To evaluate the added value of fetal magnetic resonance imaging (MRI) in diagnosing and assessing isolated orofacial clefts and compare MRI with second-line diagnostic ultrasound.
Materials and methods
In a two-year prospective bicenter study, fetuses with isolated orofacial clefts were reassessed using second-line diagnostic ultrasound and MRI. The results of second line ultrasound and those MRI were compared to each other. The gestational age at the time of ultrasound and MRI, and the final diagnosis for each of the imaging modalities were recorded. Finally, the results of second line ultrasound and those of MRI were compared to the results of neonatal clinical examination after delivery that served as standard of reference.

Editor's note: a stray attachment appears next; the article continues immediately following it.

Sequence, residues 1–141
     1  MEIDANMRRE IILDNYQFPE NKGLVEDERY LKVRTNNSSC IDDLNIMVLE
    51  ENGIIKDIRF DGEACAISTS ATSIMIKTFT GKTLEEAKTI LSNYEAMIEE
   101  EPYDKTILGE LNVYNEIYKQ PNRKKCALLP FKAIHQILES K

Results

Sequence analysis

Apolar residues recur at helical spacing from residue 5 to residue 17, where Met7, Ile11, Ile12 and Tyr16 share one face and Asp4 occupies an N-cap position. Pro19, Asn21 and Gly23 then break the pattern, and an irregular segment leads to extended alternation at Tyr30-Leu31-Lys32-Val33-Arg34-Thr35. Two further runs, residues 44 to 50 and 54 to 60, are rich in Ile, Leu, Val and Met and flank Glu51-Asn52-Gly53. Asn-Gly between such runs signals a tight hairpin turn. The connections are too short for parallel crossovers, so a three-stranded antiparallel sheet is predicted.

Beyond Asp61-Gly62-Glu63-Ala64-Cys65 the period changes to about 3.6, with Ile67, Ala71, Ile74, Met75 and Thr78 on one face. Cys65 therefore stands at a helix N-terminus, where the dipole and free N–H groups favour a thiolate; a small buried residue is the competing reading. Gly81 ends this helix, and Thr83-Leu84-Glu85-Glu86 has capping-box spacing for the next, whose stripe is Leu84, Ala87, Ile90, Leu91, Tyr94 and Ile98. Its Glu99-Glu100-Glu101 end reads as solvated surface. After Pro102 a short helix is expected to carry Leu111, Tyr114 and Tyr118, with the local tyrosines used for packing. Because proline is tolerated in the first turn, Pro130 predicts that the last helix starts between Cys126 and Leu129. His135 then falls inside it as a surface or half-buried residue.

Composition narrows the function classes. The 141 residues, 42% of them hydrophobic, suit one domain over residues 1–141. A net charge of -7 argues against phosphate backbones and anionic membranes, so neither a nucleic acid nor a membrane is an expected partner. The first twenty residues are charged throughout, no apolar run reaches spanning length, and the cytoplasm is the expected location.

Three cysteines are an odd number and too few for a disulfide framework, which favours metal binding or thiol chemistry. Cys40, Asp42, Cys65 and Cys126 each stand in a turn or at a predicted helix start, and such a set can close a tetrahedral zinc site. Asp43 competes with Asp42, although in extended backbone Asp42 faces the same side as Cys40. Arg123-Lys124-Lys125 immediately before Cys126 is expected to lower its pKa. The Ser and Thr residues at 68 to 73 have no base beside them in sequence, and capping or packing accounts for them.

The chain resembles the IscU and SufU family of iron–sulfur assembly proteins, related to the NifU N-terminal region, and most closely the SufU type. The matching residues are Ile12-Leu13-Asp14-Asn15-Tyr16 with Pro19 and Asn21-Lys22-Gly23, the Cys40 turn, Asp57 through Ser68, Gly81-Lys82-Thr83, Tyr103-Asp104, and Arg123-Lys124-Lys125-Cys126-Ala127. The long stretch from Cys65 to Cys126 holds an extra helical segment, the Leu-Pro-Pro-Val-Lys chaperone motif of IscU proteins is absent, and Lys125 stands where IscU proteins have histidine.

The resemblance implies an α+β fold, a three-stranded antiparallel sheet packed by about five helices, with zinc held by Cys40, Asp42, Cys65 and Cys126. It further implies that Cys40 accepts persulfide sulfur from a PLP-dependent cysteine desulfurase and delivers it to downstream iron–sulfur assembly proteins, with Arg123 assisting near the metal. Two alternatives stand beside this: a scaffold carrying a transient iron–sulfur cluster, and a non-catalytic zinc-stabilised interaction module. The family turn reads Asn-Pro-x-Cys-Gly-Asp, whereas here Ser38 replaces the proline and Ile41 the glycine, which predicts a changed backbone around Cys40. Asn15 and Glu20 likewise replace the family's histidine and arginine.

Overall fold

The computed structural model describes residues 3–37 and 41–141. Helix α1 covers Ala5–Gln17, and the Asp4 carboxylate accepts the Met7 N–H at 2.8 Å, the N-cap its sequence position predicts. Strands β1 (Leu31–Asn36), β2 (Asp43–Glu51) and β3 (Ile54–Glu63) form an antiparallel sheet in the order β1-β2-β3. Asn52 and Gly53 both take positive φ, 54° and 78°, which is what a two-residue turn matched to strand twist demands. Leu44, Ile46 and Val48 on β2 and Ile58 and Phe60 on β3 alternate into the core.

Twenty-two women were included after informed consent was obtained. On average, diagnostic ultrasound was performed at 25.5weeks of gestation (range: 24–34weeks) and MRI at 29.5weeks of gestation (range: 27–34weeks). The results of ultrasound and those of MRI findings were strictly consistent in 20 women (20/22; 91%) but differed in 2 women (2/22; 9%). For all fetuses, the final radiological diagnosis was confirmed by clinical examination after delivery.
If ultrasound examination proves technically challenging, fetal MRI can be used to obtain the same diagnostic information in 91% of cases and can help surgeons and interdisciplinary teams provide appropriate antenatal counseling.Le texte complet de cet article est disponible en PDF.
Keywords : Prenatal diagnosis, Cleft lip/palate, Magnetic resonance imaging, Prenatal ultrasonography, Fetus